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Defending life
from conception to natural death


Morning after pill scheme is gift of death for Christmas, says pro life group SPUC

6 December 2011

Morning-after pill scheme is gift of death for Christmas, says pro-life group SPUC London, 6 December 2011: A Christmas promotion to supply morning-after pills following telephone consultations has been condemned as "the gift of death" by the Society for the Protection of Unborn Children (SPUC), a leading UK pro-life group.

SPUC was commenting after the announcement that the British Pregnancy Advisory Service (BPAS), one of the UK's main abortion providers, has launched the scheme, which it is promoting with offensive advertisements which read: "Sex: getting 'turned on' this Christmas?"

Paul Tully, SPUC general secretary, commented: "Christmas is about the gift of life, yet BPAS are offering instead the gift of death. According to the manufacturers, morning-after pills can kill newly-conceived human embryos by making the womb's lining hostile. It is a sick idea, and an appalling reflection on society, that an abortion-inducing drug can be supplied over the phone as a Christmas promotion.""BPAS is a money-grabbing organisation which has a vested interest in increasing the irresponsible sexual activity which often leads to abortion. BPAS wants a greater share of the multi-million pound government contracts in state-funded abortion and birth control. BPAS is advertising the scheme as free, when in fact it will be taxpayers who foot the bill via the government's business deal with BPAS. "Despite massive promotion of the morning-after pill over the past two decades, the rate of registered abortions, both surgical and by other abortion drugs, has trended upwards. There has also been an explosion in the rates of sexually-transmitted infections, not least because morning-after pills offer no protection against them. "We call upon the government to end its association with BPAS and its sick advertising campaigns", concluded Mr Tully.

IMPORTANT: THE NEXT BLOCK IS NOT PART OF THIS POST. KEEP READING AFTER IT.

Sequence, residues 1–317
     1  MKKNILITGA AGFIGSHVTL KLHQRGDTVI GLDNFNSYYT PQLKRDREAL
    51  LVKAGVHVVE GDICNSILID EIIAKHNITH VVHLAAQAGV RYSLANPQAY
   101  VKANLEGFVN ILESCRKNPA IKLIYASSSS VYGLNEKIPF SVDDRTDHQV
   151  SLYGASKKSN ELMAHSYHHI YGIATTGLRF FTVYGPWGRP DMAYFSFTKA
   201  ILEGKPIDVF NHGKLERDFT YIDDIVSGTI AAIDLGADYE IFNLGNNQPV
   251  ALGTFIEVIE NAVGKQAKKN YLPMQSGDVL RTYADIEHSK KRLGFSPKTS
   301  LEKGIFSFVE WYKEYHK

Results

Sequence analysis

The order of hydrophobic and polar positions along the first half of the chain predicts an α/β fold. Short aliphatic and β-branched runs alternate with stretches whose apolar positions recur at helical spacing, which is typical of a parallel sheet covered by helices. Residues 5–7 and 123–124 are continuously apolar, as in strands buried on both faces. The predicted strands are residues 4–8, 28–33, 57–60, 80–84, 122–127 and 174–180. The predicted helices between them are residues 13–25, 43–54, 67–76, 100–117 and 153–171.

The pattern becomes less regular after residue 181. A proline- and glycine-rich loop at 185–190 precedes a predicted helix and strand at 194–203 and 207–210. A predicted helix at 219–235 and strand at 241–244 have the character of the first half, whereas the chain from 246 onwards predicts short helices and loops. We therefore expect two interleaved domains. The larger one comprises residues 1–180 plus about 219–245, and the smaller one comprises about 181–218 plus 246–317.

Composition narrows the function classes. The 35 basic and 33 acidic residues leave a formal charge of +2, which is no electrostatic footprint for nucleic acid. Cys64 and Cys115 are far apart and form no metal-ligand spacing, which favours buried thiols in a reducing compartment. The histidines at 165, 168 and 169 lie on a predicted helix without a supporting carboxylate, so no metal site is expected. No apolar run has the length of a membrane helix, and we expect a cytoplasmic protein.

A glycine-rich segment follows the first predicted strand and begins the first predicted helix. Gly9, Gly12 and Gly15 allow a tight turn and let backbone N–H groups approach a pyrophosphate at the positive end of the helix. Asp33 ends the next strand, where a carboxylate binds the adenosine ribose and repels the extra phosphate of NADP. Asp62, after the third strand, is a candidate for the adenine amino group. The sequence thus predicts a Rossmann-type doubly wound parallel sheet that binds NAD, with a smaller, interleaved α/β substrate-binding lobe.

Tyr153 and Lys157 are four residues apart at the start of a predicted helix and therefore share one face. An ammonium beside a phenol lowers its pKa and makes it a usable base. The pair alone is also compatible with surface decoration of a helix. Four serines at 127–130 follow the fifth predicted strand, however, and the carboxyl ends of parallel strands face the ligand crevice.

Paul Tully, SPUC general secretary, can be contacted on 07939 178719 or 020 7820 3127. SPUC's communications department can be contacted on 07939 177683.

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